Wildlife & Nature

‘In the Heart of the Narragansett People’: BioBlitz Held on Tribal Land for First Time


Dinalyn Spears, third from left, stands with her team from the Narragansett Indian Tribe's Community Planning and Natural Resource Department, along with Rhode Island Natural History Survey director David Gregg, orange vest, and program manager Kira Stillwell, fourth from right. (Colleen Cronin/ecoRI News)

AUKE UT NAHIGANSECK/CHARLESTOWN, R.I. — Every year the Rhode Island Natural History Survey chooses a location where it unleashes a gaggle of expert and amateur naturalists for a 24-hour species search called a “BioBlitz.”

The Survey chooses a different location for the event — although it has been held at Roger Williams Park twice — and has covered almost every corner of the state, including hosting an event once on Block Island.

While the Survey has staged the event in places of importance to Indigenous people and sites on which they lived before the violence and displacement of colonization, a BioBlitz had never been held on tribal land until last week.

For the 24th Annual Rhode Island BioBlitz, held from 2 p.m. Friday to 2 p.m. Saturday, the Narragansett Indian Tribe hosted the event on its reservation in “auke ut Nahiganseck,” which translates to “we dwell here.” The English name for the area is Charlestown.

While uncovering species was the task of the event, the tribe and its history were on display for the full 24 hours of biodiversity bonanza.

Dinalyn Spears, the tribe’s community planner and natural resource director, organized the blitz with Survey staff after she was approached about it last year.

Spears had often heard of the events, but usually couldn’t attend because of conflicts with the Tribal Powwow schedule. After talking about it with Survey director David Gregg and program manager Kira Stillwell, Spears felt as though this year would be a perfect opportunity.

Spears said she hoped the Survey would give the Narragansett Indian Tribe’s Natural Resource Department a “baseline inventory” of the species on the reservation so she and her team could start implementing any needed management or protection procedures.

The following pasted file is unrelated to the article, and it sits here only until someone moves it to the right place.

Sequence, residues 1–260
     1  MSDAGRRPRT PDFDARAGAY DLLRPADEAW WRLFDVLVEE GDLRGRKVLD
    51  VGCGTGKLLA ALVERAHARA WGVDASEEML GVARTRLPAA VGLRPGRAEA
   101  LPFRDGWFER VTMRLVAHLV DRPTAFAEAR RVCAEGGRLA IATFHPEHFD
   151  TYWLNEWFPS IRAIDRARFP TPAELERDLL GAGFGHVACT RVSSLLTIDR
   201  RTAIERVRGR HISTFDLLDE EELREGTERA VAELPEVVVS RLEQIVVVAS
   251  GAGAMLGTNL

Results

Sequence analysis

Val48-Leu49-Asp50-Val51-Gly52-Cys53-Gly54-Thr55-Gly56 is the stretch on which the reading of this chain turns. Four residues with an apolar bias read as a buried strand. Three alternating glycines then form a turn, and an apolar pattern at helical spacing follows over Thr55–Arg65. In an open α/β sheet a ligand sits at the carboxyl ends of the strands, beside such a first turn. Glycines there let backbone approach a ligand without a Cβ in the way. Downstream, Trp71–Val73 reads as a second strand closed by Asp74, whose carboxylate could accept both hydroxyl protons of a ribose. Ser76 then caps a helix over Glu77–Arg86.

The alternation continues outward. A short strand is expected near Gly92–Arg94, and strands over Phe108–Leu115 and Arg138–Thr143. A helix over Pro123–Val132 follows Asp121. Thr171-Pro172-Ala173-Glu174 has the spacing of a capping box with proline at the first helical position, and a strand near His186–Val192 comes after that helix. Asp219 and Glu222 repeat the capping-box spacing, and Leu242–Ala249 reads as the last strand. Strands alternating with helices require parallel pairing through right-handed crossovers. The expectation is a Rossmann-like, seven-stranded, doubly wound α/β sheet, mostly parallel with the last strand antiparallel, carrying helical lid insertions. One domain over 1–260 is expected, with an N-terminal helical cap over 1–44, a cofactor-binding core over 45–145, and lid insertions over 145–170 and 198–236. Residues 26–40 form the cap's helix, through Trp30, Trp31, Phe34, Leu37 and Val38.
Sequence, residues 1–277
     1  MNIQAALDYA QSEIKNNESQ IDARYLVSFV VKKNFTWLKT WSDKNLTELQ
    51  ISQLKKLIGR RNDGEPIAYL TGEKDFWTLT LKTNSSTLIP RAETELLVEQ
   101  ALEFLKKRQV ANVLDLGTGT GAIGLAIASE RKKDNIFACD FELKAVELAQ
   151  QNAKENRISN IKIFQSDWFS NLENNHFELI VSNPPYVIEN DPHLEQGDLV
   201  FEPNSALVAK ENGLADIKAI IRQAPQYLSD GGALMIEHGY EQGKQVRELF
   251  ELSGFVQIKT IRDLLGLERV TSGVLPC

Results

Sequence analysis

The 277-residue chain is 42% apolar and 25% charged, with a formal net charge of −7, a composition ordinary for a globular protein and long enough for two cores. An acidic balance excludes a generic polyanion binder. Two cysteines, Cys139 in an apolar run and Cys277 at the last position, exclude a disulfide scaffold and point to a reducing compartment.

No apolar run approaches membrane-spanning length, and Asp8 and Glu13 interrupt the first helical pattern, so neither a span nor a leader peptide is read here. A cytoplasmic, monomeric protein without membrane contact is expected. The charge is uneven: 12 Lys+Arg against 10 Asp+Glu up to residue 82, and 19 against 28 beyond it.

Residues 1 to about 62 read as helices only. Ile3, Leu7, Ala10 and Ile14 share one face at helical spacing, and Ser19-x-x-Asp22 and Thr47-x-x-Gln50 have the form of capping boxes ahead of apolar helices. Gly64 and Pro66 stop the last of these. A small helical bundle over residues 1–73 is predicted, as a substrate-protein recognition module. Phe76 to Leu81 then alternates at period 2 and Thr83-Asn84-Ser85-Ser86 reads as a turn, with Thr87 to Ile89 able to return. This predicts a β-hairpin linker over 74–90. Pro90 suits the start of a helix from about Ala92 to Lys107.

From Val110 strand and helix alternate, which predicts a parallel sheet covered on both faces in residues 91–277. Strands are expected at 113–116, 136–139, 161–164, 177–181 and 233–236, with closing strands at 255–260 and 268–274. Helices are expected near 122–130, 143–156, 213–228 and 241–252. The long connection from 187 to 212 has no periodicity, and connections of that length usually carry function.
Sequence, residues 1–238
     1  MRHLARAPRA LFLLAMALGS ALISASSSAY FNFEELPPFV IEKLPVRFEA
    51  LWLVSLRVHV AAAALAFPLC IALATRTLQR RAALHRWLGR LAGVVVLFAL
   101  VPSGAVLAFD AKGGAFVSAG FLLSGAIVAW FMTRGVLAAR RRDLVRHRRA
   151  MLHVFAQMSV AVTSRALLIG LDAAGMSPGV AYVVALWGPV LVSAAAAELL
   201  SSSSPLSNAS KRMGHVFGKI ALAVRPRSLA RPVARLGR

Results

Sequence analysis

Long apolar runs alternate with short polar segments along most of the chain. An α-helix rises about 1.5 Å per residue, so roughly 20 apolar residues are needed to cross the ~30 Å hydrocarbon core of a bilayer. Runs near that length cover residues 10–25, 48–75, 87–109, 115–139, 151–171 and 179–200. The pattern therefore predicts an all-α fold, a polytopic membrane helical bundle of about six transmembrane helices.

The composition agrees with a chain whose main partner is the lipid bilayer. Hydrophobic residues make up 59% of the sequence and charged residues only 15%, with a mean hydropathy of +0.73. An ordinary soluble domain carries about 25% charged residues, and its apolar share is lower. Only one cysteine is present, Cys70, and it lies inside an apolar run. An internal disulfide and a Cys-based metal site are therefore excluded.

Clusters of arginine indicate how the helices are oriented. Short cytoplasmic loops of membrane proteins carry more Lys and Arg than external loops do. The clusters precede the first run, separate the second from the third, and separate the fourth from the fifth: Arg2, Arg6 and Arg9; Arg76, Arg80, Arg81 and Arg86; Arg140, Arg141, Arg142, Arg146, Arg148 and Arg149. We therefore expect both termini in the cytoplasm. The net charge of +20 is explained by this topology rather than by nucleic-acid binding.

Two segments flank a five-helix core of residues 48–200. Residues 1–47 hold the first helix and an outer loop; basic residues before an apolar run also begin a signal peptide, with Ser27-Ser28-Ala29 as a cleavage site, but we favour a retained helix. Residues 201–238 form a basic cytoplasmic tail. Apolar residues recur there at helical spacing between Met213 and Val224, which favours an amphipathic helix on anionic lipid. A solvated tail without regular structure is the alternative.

From a symbolic perspective, Spears said she also loved getting to see a lot of “people of like minds” gathering together to appreciate the beauty of the land.

More than 350 people attended the blitz, setting a record for participation that Spears hoped was in part due to the historic location that isn’t always open to the public.

The event started with an opening ceremony that included a traditional prayer and words from Tribal Council members.

“We give thanks to the beauty of creation and biodiversity that surrounds us today,” Spears’s mother, Janice, said in an opening prayer honoring Mother Earth and nature.

First Councilman Cassius Spears Jr. spoke about the importance of the reservation to the Narragansett Indian Tribe and about the tribe’s connection to the natural world.

“I must first acknowledge that without a place there are no people,” he said to the crowd, “so this place is very sacred to us.”

He spoke about how the Narragansetts’ land once reached far beyond the 2,000 acres or so where the reservation sits, and where they host their ceremonies today.

“This little piece that we have today, this place that we steward today is even more important because of what we once had,” he added, telling the participants that they were “in the heart of the Narragansett people.”

a digital camera displays a photo of a ant
During the annual BioBlitz, participants try to identify as many species as they can in a 24-hour period. (Colleen Cronin/ecoRI News)

Cassius Spears said in some ways BioBlitz and the process of identifying the natural world aligns with the Narragansett story of creation and the process their people undertook to introduce themselves to the natural beings they encountered and consider family.

“When you’re out there, and you’re walking, in many ways … you’re greeting them, you’re forming that relationship,” he said.

The T-shirts for the event, designed by artist and tribal member Angel Beth Smith, also nodded to the Narragansetts’ creation story and how Turtle Island (North America) came to be.

With the end of the opening statements, Gregg blew his air horn and the blitz began.